Interleave two lists
apfelmus
apfelmus at quantentunnel.de
Thu Aug 28 03:49:45 EDT 2008
David Menendez wrote:
>
> The main disadvantage interleave and (|||) have, compared to mplus and
> (++), is that they aren't associative.
In fact, no interleaving operator (|||) that works for infinite lists can be
associative. Here's proof.
Every such operator corresponds to a pair of injective functions
f,g : N -> N N = natural numbers
who map the indexes of the elements of the left (f) and right (g) list to
indexes in the result. Their images are disjoint and complement each other, i.e.
ø = f(N) /\ g(N) and N = f(N) \/ g(N)
For example,
(x:xs) ||| ys = x : ys ||| xs
corresponds to the pair
(\n->2*n, \n->2*n+1)
because the left list xs is mapped to the even positions and the right list
ys is mapped to the uneven positions.
Now, consider interleaving three lists. The case
as ||| (bs ||| cs)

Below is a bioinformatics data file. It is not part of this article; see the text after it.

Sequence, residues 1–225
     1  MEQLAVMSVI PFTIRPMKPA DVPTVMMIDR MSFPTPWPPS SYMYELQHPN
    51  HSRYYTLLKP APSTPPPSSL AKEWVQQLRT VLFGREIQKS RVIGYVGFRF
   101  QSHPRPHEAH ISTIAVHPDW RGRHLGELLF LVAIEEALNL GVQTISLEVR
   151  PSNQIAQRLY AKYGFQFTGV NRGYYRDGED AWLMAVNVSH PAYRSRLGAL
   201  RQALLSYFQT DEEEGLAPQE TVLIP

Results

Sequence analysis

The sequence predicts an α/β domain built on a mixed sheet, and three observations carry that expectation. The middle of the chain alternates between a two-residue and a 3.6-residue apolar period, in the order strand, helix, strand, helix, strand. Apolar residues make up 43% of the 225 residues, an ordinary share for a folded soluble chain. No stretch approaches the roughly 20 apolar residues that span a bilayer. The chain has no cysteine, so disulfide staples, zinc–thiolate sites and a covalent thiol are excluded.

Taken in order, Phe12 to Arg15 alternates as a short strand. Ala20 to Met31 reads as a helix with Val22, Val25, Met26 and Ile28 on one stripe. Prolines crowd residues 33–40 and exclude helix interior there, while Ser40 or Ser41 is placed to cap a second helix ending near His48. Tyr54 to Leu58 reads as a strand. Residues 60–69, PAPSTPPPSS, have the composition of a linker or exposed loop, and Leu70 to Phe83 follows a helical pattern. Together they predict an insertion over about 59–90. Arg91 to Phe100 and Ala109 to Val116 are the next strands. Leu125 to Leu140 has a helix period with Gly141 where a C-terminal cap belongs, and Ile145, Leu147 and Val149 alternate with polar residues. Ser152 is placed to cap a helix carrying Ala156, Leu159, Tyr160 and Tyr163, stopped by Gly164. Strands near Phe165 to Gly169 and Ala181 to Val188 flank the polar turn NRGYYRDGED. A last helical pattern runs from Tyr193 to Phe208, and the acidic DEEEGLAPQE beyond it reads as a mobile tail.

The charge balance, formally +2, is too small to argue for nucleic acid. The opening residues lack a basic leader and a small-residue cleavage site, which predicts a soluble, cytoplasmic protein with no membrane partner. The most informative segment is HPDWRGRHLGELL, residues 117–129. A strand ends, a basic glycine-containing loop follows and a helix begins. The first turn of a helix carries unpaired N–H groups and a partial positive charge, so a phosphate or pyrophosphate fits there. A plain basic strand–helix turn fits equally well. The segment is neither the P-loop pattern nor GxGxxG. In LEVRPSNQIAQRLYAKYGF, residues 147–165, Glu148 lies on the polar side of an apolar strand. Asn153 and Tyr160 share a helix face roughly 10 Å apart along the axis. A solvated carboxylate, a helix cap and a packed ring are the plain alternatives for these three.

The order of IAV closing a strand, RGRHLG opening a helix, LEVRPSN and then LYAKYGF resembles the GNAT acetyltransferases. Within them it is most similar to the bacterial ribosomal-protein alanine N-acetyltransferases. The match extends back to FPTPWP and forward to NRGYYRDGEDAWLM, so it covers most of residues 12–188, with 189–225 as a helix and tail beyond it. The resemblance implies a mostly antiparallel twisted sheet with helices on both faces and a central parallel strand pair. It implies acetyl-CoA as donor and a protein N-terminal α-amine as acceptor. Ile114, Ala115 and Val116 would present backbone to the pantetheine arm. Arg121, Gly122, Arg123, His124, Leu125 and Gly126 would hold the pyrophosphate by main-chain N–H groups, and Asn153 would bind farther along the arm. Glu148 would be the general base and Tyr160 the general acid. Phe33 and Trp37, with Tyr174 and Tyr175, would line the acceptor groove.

maps the elements of as , bs and cs as follows into the result:
as f
bs g . f
cs g . g
In the other case
(as ||| bs) ||| cs
the positions of the elements in the result lists are determined by applying the
functions
as f . f
bs f . g
cs g
Hence, if (|||) were associative, we would have
f = f . f
f . g = g . f
g . g = g
and hence
as f
bs f . g
cs g
But f and g already fill the entire result, there would be no room for the
bs in the result list, a contradiction.
Thus, no (|||) that merges infinite lists and is associative exists.
Regards,
apfelmus
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